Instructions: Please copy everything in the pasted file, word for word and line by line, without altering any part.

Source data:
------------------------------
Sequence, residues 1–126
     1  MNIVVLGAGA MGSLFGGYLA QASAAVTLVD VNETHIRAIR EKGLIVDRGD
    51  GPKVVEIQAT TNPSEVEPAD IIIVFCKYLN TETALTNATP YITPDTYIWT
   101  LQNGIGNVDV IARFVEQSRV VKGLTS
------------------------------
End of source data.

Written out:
Sequence, residues 1–126
     1  MNIVVLGAGA MGSLFGGYLA QASAAVTLVD VNETHIRAIR EKGLIVDRGD
    51  GPKVVEIQAT TNPSEVEPAD IIIVFCKYLN TETALTNATP YITPDTYIWT
   101  LQNGIGNVDV IARFVEQSRV VKGLTS